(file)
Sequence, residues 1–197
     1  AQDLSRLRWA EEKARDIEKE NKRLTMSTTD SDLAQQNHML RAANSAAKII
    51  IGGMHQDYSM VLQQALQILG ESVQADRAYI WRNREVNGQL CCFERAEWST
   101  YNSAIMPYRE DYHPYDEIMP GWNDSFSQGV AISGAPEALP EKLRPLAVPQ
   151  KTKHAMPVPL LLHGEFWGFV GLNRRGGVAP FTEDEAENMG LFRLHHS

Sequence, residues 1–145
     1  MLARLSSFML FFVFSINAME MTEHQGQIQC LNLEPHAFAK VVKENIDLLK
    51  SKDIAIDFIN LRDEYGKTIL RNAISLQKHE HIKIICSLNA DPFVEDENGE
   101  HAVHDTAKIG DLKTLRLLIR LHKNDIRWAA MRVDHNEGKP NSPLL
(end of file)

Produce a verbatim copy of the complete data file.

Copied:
Sequence, residues 1–197
     1  AQDLSRLRWA EEKARDIEKE NKRLTMSTTD SDLAQQNHML RAANSAAKII
    51  IGGMHQDYSM VLQQALQILG ESVQADRAYI WRNREVNGQL CCFERAEWST
   101  YNSAIMPYRE DYHPYDEIMP GWNDSFSQGV AISGAPEALP EKLRPLAVPQ
   151  KTKHAMPVPL LLHGEFWGFV GLNRRGGVAP FTEDEAENMG LFRLHHS

Sequence, residues 1–145
     1  MLARLSSFML FFVFSINAME MTEHQGQIQC LNLEPHAFAK VVKENIDLLK
    51  SKDIAIDFIN LRDEYGKTIL RNAISLQKHE HIKIICSLNA DPFVEDENGE
   101  HAVHDTAKIG DLKTLRLLIR LHKNDIRWAA MRVDHNEGKP NSPLL